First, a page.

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Ocean Advisory Council Approves New Process for Protecting Special Places

Last week, Oregon's Ocean Policy Advisory Council (OPAC) unanimously approved a new process that allows for the public to put forth proposals to amend existing or add new protections to rocky habitats in Oregon's ocean. Through special designations known as Research Reserves, Marine Gardens and Marine Conservation Areas, the public will be able to create proposals using a newly developed online mapping and inventory tool. The tool allows individuals and groups to select an area of the nearshore ocean to evaluate nearshore resources, communicate with stakeholders, resource managers and local and state government and ultimately create and submit their proposal. The process is set to launch in June of this year, with initial proposals to be vetted in early 2021 and following on an annual basis through OPAC.

Otter Rock Marine Garden. The new process will allow for special areas like this to be proposed as new or amended

The Council's decision follows a lengthy, 3-year OPAC Working Group process to update and amend Part III of Oregon's Territorial Sea Plan. This part of the plan outlines a strategy for how Oregon's rocky ocean habitats are to be managed, describes the important uses of these habitats, lays out policies and protections and provides for special designations like Marine Gardens, Research Reserves and Marine Conservation Areas. Surfrider is helping to lead this important process for Oregon's ocean through chairing the Working Group, which you can learn more about on Surfrider's site here or on the state of Oregon's official ocean policy site here.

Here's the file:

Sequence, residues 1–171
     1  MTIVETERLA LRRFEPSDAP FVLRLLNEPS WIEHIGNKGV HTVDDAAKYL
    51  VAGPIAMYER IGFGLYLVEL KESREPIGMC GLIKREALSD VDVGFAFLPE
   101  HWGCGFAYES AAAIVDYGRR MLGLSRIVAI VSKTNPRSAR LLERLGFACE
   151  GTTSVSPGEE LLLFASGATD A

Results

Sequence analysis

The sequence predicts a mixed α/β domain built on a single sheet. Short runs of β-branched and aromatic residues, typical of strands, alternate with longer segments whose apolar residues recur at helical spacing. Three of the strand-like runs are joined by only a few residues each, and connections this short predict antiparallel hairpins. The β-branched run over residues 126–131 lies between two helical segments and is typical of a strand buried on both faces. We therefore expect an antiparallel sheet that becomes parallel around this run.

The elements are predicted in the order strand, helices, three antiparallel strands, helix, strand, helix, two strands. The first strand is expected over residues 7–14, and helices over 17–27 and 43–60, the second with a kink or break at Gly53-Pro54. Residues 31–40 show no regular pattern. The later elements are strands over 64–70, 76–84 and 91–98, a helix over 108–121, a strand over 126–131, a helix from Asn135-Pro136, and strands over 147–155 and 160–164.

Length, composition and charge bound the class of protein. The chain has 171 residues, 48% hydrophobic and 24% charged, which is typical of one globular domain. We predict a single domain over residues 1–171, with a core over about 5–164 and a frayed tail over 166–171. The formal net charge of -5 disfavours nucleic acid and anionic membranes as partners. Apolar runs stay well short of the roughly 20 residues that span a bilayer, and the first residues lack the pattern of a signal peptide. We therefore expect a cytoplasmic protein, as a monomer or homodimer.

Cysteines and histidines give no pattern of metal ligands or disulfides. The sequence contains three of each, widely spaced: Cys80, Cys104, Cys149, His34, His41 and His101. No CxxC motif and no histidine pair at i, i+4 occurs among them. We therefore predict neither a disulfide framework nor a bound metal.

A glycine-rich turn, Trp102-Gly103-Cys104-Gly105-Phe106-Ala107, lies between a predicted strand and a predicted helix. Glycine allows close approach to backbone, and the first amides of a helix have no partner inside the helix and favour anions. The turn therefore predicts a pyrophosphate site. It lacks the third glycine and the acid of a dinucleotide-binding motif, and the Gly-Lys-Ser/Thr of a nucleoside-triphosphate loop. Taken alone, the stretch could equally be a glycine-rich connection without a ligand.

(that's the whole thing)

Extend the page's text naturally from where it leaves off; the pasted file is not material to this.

Visitors enjoying the tidepools at Bob's Wayside in Cape Perpetua.

For Surfrider, ocean recreational users have a high interest in these rocky habitats, particularly the ones along the shoreline that many of us have come to know and love as simply tidepools. Other submerged rocky habitat can provide for a range of important recreational uses to Oregonians and our membership from important rocky reef surf breaks to diving and recreational fishing, these special areas in Oregon's waters are vitally important. Given the importance of the process and these special places, in addition to our support of the Working Group's process, our broader membership and Chapters' in Oregon have developed a vision and framework to help guide our local engagement in the proposal process - read it here.

A stunning array of seastars and anemones adorn a low tide rocky wall

Rockfish and other commercially and recreationally important fish and invertebrate species depend upon rocky habitats

The Rocky Habitat Management Strategy is the full text for Part III of the Territorial Sea Plan. All strategy components including goals and objectives, policies, coordination of management, uses and special designations are described within this document.

The Rocky Habitat Mapping Tool is new and being utilized for this planning process through a platform known as SeaSketch. There is a really handy user guide here for using this tool. This is designed to help individuals, groups and various entities to both plan and submit proposals for rocky habitat designations.